UnlabelledWe report that establishment and maintenance of the Drosophila melanogaster microbiome depend on ingestion of bacteria. Frequent transfer of flies to sterile food prevented establishment of the microbiome in newly emerged flies and reduced the predominant members, Acetobacter and Lactobacillus spp., by 10- to 1,000-fold in older flies. Flies with a normal microbiome were less susceptible than germfree flies to infection by Serratia marcescens and Pseudomonas aeruginosa. Augmentation of the normal microbiome with higher populations of Lactobacillus plantarum, a Drosophila commensal and probiotic used in humans, further protected the fly from infection. Replenishment represents an unexplored strategy by which animals can sustain a gut microbial community. Moreover, the population behavior and health benefits of L. plantarum resemble features of certain probiotic bacteria administered to humans. As such, L. plantarum in the fly gut may serve as a simple model for dissecting the population dynamics and mode of action of probiotics in animal hosts.
ImportancePrevious studies have defined the composition of the Drosophila melanogaster microbiome in laboratory and wild-caught flies. Our study advances current knowledge in this field by demonstrating that Drosophila must consume bacteria to establish and maintain its microbiome. This finding suggests that the dominant Drosophila symbionts remain associated with their host because of repeated reintroduction rather than internal growth. Furthermore, our study shows that one member of the microbiome, Lactobacillus plantarum, protects the fly from intestinal pathogens. These results suggest that, although not always present, the microbiota can promote salubrious effects for the host. In sum, our work provides a previously unexplored mechanism of microbiome maintenance and an in vivo model system for investigating the mechanisms of action of probiotic bacteria.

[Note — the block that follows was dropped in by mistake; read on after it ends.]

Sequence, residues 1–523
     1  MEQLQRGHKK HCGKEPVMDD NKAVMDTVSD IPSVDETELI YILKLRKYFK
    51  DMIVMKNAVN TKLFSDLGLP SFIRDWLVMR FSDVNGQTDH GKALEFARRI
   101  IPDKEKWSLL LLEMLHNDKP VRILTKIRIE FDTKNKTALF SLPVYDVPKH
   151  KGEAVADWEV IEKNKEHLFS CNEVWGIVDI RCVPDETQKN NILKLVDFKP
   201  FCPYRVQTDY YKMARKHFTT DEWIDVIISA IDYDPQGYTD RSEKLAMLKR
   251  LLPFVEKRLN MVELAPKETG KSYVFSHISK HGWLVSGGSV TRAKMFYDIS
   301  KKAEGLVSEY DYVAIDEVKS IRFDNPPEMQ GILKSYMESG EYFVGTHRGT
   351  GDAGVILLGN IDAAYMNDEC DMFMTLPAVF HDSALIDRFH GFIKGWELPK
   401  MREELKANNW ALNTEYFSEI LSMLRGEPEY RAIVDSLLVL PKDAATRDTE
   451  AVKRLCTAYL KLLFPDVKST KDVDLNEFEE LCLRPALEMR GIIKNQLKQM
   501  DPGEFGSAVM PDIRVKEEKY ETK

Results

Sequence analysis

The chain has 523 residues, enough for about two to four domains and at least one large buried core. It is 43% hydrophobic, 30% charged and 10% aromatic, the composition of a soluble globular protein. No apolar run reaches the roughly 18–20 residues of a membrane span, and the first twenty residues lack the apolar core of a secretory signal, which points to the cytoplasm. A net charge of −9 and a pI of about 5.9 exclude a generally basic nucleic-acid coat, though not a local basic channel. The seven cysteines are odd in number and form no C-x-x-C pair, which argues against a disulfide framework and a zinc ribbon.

SUBMITTER: Blum JE